Government-funded global agriculture programs are making a world of difference for many small farmers in rural Africa. Don’t believe it? Read the living proof:
Getting a fair price at market is always a struggle. Find out how mobile technology is changing the lives of farmers in Ghana.
Prosper Biche is a yam farmer from eastern Ghana. Until recently, he relied on an antiquated system to sell his goods and get them to market – he would sell his wares to individual buyers who then crisscross the countryside on bicycles and sell the goods to processing plants in towns and cities, which will then pass them on to distributors, retailers and exporters.
These buyers, knowing that farmers like Prosper are totally unaware of the amount that processing companies will pay for commodities, buy their produce for rock-bottom prices, making profits for themselves but leaving the farmers struggling to survive. A company called Esoko has found an innovative technology to change all that.
For a small fee, Prosper has signed up to receive 10 price updates a week from Esoko – a private agricultural market information platform – helping him know not only what his produce is worth, but when is the best time to travel to market to sell it.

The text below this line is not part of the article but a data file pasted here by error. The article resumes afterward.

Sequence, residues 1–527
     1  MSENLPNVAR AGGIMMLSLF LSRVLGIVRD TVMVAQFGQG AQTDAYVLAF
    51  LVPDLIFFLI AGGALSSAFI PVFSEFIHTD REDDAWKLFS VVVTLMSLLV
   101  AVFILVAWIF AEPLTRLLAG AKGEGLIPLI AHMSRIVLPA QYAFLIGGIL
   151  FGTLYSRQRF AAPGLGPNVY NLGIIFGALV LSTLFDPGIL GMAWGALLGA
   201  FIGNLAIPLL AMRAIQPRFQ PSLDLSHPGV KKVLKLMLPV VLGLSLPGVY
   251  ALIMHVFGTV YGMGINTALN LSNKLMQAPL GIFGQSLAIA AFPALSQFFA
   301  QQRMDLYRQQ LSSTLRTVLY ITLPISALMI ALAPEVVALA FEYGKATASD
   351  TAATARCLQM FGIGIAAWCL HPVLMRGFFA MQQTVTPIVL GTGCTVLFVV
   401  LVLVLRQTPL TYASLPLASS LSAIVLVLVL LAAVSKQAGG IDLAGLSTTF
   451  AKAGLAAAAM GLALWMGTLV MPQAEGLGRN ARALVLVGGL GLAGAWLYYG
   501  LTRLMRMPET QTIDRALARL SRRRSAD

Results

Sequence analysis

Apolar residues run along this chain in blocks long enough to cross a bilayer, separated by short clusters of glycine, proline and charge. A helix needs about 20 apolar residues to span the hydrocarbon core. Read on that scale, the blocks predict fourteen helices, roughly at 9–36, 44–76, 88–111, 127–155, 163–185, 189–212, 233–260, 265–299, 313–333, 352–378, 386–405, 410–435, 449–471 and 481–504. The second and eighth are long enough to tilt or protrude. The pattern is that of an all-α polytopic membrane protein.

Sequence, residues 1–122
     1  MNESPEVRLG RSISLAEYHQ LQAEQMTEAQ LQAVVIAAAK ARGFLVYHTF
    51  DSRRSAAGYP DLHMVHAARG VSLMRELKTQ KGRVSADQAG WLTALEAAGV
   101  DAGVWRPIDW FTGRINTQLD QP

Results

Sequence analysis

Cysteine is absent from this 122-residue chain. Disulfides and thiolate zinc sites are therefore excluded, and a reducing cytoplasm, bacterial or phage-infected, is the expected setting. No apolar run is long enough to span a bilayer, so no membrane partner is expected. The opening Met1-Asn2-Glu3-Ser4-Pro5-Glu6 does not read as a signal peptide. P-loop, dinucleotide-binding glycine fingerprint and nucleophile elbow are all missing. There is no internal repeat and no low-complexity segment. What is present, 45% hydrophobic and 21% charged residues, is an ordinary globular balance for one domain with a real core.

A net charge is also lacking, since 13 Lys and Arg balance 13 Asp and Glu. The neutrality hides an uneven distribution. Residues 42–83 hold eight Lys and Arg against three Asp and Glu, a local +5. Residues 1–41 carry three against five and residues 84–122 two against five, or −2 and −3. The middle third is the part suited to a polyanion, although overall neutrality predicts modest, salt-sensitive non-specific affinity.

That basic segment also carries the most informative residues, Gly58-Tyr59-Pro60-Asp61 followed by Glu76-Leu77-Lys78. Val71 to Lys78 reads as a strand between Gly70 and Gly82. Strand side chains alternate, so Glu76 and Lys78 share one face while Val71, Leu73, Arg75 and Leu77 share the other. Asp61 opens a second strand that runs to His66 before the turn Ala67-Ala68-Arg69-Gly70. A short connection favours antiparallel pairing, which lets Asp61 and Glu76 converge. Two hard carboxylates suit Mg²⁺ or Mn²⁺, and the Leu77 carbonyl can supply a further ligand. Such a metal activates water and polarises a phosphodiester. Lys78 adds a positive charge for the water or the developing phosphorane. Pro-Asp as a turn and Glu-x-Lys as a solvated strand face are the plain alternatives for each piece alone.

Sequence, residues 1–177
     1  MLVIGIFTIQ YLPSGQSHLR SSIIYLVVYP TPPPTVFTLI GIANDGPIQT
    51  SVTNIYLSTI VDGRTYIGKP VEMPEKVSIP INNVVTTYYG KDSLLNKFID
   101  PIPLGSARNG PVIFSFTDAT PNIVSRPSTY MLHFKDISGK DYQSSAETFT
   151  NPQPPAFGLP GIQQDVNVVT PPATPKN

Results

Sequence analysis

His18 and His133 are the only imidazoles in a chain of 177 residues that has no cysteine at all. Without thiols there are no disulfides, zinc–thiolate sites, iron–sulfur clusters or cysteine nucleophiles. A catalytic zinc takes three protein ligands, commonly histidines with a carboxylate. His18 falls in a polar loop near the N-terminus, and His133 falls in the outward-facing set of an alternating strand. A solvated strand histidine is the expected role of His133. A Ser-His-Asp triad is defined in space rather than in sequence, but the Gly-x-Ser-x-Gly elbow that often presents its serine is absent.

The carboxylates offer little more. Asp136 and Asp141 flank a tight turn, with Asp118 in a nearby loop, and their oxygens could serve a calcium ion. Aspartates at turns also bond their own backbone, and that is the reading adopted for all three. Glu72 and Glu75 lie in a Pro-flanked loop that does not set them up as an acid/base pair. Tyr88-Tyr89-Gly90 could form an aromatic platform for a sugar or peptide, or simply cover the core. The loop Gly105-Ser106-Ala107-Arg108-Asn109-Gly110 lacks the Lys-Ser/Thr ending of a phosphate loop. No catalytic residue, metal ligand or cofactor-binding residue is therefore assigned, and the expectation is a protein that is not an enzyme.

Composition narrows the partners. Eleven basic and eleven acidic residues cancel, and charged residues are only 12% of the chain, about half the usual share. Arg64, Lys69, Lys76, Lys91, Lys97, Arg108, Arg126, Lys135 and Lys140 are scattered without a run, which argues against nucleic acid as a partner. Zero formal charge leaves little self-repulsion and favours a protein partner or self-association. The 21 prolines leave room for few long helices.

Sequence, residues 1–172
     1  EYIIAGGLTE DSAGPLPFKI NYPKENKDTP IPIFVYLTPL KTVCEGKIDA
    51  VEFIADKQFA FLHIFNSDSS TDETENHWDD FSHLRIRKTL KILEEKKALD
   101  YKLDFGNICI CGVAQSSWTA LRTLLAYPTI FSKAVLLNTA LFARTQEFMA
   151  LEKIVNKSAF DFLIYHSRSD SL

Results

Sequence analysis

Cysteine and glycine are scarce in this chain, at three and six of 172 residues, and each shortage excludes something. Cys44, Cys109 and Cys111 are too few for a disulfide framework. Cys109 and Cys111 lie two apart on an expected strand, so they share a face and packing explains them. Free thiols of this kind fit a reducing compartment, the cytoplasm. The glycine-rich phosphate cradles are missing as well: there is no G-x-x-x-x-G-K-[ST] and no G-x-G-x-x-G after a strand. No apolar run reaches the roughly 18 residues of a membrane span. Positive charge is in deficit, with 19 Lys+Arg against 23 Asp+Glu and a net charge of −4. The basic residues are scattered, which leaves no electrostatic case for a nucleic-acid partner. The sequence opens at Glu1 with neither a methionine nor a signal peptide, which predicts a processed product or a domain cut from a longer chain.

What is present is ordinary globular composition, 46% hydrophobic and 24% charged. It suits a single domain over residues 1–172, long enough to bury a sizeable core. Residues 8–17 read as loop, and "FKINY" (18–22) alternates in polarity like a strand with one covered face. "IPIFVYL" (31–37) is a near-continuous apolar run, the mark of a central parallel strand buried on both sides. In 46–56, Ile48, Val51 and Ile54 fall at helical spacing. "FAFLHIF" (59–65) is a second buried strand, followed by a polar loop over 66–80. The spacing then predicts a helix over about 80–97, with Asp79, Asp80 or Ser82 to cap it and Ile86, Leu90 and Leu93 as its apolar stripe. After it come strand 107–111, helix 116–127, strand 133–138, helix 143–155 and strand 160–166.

“Before Esoko, I sent my 100 tubers of yam to Accra and could get 20 Ghana cedis for it,” Prosper says. “Now I check prices on Esoko and go to Accra when prices are good. I can get up to 200 Ghana cedis for the same 100 tubers.”
For only US$ 1 per month, Esoko’s service has a tremendous return on investment, with the company’s CEO Mark Davies reporting that farmers were being paid 20-40% more for their crops – a significant increase to their income and quality of life.
Esoko uses researchers to obtain data for most of the agricultural markets it covers, but hopes in the future to have users directly supply most of the information to the system. The product is expanding to include information on stocks, the weather, buyer locations, as well as helping to coordinate transport and supply chain infrastructure.
Esoko also franchises its technology to governments, non-governmental organizations and businesses to save them the cost of developing similar technology. Currently, it is being used in nine African countries, including Nigeria and Malawi.
While Esoko is currently funded by grants as well subscriptions, it is transitioning towards a full for-profit business model to allow it to be sustainable and consistent in its service to farmers. It estimates that in any one country it will need 10,000 individuals and 2,000 business customers to be profitable. Given that two-thirds of Africans are involved in agriculture, and 500 million have a mobile phone, this seems very attainable.